Let us not forget that in America we have a long, deep history of using the indiscretions of even some of the most rightly venerated black lives, to justify their execution and label them “thugs” after they Die. On this Martin Luther King, Jr. Day, let us not forget that while he was still living Dr. King was under constant FBI surveillance via wiretapping. While the FBI, quite to their consternation, were never able to find any evidence that King was a communist, they did capture evidence of a couple of extramarital affairs. While the transcripts from those wiretaps are officially until 2027 many memos were made public as part of high-profile congressional investigations into the FBI’s harassment of King as far back as 1978. To this day the information about the affairs is used on overtly racist websites owned by hate groups to label King a thug and sexual deviant. As if his impropriety in this one area of his life justified his assassination and somehow nullified his many great achievements and outstanding character in so many areas of life: standing in opposition to the Vietnam War, teaching and practicing the difficult task of non-violent resistance, crossing racial and religious boundaries to stand with a diversity of voices to speak out against racism as well as classism in America. He also spoke up for Mexican-Americans, Puerto Ricans, Native Americans, and Appalachian whites.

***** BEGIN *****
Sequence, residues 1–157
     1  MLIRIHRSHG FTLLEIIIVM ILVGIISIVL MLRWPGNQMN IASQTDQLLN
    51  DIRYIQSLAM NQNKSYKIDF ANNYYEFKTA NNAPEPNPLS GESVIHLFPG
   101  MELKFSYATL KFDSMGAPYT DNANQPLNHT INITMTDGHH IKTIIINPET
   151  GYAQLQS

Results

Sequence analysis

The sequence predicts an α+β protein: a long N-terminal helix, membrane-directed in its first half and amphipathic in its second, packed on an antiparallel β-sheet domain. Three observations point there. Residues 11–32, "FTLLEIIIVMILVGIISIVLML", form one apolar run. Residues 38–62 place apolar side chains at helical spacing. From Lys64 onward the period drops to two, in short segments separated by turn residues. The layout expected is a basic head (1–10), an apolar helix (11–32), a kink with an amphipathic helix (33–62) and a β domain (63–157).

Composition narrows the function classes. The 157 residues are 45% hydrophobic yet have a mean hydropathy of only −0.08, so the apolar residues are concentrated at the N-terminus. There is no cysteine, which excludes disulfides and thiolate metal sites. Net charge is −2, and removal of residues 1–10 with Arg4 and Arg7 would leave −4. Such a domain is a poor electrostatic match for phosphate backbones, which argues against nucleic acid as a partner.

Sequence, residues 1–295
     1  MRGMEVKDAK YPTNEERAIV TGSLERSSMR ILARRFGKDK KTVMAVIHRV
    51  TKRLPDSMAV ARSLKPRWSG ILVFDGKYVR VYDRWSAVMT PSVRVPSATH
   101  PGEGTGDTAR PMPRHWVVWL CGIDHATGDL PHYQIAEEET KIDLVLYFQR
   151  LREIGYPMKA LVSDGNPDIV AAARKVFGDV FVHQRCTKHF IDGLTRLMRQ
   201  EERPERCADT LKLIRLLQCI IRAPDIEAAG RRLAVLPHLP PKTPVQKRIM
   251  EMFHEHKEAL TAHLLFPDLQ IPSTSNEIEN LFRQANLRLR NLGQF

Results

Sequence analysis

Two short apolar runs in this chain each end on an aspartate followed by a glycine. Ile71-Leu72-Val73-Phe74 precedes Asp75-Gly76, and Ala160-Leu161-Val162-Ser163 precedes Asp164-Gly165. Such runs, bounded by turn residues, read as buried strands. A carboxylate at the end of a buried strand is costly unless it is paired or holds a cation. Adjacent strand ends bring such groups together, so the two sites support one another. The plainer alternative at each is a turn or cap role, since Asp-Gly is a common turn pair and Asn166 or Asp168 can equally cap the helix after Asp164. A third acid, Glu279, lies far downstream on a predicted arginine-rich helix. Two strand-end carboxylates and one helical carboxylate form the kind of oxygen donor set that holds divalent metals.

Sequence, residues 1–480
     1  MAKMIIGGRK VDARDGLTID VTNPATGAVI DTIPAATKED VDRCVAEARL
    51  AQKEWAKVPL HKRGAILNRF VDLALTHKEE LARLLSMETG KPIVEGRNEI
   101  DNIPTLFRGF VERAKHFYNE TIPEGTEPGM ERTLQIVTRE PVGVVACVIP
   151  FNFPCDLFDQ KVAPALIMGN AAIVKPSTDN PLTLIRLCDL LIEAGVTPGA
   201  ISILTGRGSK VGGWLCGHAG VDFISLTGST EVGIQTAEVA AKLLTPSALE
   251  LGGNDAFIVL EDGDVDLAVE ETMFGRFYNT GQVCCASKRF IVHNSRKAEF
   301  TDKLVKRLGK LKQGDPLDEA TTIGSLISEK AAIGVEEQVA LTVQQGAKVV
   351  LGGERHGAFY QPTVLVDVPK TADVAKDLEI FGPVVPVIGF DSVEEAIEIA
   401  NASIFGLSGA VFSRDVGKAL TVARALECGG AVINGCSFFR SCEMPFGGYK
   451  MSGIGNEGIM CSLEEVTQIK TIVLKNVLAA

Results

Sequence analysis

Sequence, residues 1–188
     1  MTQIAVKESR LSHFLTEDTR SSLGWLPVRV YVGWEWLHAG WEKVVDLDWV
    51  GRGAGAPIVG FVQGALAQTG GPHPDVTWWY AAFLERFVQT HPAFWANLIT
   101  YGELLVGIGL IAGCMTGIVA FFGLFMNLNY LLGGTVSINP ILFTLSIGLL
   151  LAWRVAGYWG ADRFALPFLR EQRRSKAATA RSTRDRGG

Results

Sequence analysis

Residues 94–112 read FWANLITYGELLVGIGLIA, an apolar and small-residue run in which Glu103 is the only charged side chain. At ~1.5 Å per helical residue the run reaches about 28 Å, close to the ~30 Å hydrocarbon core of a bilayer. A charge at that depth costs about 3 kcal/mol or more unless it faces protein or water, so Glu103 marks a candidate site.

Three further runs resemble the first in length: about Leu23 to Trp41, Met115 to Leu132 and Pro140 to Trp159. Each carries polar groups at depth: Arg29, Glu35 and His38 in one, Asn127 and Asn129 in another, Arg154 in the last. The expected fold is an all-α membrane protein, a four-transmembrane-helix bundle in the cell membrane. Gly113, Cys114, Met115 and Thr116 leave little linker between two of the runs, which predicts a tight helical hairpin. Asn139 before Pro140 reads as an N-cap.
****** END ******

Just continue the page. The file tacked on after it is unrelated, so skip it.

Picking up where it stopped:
It is really quite similar to what the media – and some conversations on social media – have done to so many of the names above.

Rapper and actor Tupac Shakur, once said, “Measure a man by his actions fully, from the beginning to the end. Don’t take a piece out of my life or a song out of my music and say this is what I’m about, because you know better than that.”

I think that is the kind of thing Dr. King had in mind when he famously said, “I have a dream that my four little children will one day live in a nation where they will not be judged by the color of their skin, but by the content of their character.”

Is his dream still alive? Perhaps the better, scarier question….

Will it always be just a dream in America?